Amid the political turmoil in the country, we celebrate the recognition of our Latino leaders — especially Latinas — who finally seem to be receiving the honors they have long deserved. A case in point was the presentation of the Presidential Medal of Freedom to Juliet Garcia, the first Latina university president.
On Thursday, July 7, Garcia received the award in the East Room of the White House, becoming one of only 20 Latinos to receive the Presidential Medal of Freedom.
The award is given to those who have made “an especially meritorious contribution to the security or national interests of the United States, world peace, cultural or other significant public or private endeavors.”
And Garcia more than deserves it. The Latina is the former president of the University of Texas at Brownsville — the first Latina to be president of a U.S. university — and oversaw the school’s merger with the Pan American University of Texas to become UT-Rio Grande Valley, which today ranks third in the nation in awarding bachelor’s degrees to Latino students.
The American story isn't a simple one – it never has been. But when we honor the Americans who embody the soul of our nation, we’re reminded who we are at our best.
And what we should strive to be. pic.twitter.com/r120J1Byak
— President Biden (@POTUS) July 10, 2022
As reported by Latino Rebels, Garcia dedicated her efforts to get more funding for higher education for South Texas Latinos while encouraging representation and access to education through scholarships and competitions.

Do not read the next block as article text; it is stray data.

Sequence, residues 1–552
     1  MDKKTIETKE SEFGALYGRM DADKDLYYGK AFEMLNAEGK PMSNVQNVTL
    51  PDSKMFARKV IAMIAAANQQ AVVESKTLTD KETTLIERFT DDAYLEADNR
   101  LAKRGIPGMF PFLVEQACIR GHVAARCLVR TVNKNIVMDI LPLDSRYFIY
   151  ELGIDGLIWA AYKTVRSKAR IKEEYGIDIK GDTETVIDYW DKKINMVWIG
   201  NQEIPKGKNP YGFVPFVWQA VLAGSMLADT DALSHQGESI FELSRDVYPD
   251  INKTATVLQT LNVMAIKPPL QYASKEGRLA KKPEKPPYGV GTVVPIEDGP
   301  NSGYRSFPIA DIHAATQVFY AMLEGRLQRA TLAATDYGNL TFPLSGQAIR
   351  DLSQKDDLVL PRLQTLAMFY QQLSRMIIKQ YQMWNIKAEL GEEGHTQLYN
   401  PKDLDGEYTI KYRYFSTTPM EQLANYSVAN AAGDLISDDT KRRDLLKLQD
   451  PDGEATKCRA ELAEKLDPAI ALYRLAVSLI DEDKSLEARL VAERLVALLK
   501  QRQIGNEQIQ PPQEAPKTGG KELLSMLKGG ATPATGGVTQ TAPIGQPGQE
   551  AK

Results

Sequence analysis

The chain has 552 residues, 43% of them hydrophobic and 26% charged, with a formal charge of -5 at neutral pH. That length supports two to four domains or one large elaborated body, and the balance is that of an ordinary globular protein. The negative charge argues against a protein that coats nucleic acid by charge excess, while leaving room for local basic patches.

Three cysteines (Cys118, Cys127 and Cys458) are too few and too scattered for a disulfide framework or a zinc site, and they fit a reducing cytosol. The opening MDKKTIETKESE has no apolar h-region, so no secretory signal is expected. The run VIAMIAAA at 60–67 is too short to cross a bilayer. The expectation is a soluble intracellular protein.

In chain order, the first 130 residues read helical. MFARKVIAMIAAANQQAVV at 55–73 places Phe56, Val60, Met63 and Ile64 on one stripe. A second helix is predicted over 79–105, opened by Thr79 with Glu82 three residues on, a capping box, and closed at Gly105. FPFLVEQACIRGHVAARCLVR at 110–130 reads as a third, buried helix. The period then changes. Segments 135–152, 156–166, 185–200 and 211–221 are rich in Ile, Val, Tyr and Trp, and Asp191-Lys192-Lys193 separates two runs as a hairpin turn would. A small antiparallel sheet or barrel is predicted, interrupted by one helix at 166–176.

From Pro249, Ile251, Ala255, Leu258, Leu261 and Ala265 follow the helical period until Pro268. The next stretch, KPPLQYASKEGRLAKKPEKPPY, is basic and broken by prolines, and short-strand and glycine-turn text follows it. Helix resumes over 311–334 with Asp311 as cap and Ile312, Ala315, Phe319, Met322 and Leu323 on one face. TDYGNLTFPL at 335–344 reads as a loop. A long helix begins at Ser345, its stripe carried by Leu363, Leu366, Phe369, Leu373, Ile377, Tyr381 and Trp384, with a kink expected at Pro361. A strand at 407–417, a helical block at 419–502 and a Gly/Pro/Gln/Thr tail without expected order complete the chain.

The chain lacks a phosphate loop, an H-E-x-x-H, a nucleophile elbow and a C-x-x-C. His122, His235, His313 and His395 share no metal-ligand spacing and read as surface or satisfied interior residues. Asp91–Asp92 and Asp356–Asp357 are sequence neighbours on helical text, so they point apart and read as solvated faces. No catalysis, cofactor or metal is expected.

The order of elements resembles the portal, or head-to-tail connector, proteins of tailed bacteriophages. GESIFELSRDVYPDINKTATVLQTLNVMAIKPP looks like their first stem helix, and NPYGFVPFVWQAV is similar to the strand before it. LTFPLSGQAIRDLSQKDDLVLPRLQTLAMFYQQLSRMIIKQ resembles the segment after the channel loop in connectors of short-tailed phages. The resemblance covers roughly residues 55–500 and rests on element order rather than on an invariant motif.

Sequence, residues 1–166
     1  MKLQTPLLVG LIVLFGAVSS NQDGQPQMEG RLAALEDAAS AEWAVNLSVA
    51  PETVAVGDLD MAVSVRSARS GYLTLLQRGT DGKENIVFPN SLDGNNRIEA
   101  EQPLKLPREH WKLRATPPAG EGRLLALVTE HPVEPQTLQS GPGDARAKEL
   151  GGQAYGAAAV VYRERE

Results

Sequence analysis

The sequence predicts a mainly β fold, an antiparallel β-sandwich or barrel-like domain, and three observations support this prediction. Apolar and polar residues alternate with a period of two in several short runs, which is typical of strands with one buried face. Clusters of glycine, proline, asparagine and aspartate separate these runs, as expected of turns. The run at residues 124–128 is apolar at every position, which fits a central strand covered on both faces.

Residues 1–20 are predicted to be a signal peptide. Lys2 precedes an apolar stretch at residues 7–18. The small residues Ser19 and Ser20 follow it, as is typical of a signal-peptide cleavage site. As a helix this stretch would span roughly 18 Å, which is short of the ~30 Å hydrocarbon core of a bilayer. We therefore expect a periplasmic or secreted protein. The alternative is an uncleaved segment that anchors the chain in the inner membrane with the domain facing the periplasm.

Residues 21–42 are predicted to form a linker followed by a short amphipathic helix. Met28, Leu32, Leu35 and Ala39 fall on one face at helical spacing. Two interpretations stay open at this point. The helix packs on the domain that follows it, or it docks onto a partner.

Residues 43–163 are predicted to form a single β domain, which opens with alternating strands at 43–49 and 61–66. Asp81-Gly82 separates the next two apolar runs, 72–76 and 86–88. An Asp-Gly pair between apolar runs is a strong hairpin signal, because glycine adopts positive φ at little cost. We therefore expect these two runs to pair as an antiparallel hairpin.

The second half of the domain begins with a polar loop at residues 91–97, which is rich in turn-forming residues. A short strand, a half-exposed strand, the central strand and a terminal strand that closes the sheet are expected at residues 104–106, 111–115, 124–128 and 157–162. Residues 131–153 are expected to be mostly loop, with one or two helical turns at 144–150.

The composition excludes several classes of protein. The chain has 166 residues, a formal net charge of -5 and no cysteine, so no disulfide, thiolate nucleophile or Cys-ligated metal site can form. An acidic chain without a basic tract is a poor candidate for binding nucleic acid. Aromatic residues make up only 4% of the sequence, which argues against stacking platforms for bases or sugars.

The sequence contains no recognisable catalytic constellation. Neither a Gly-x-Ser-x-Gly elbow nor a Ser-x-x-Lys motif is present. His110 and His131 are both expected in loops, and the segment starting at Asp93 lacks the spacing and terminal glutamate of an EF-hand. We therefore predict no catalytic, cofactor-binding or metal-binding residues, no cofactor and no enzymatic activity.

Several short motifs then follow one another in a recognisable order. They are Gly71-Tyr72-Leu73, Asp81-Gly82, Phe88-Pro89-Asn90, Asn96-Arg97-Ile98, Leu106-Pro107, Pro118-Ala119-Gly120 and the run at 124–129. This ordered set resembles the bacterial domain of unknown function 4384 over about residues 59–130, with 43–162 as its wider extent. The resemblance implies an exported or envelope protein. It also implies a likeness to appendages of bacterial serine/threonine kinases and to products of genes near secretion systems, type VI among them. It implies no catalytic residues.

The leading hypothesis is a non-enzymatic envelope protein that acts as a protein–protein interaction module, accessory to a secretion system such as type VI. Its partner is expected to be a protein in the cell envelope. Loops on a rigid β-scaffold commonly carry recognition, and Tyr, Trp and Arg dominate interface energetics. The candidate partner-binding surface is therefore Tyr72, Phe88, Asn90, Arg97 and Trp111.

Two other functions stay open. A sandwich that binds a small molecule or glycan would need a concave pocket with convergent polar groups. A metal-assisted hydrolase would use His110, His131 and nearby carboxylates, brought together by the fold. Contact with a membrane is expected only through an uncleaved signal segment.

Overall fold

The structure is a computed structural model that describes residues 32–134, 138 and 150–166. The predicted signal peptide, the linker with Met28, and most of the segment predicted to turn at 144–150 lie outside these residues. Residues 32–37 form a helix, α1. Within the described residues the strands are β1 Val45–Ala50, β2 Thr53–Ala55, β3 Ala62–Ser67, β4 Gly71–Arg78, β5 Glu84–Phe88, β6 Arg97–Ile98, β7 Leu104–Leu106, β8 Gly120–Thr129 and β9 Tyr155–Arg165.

“Juliet has enriched the lives of many Rio Grande Valley students, from elementary to college,” UTRGV President Guy Bailey said in a statement. “Her contributions to higher education in South Texas and beyond are long-lasting and have created pathways of success among a new generation of Latino leaders.”
Juliet Garcia had just finished gardening in Brownsville when she got the call from the White House, as she told the Texas Tribune.
“My husband said, ‘Tell her you’re honored,'” Garcia said in a phone interview with The Texas Tribune. “I am never at a loss for words, but at that moment, apparently, nothing was coming out.”
However, this leader is very clear about the mission and how to do it.
“The work in South Texas, on the border, is hard to do. It’s very easy to decide to pick up and go elsewhere,” she told the media. “To get to do it in your own hometown where generations before you have not had access and you’re able to be part of something that flings those doors open is just a privilege. For me, that’s the biggest gift.”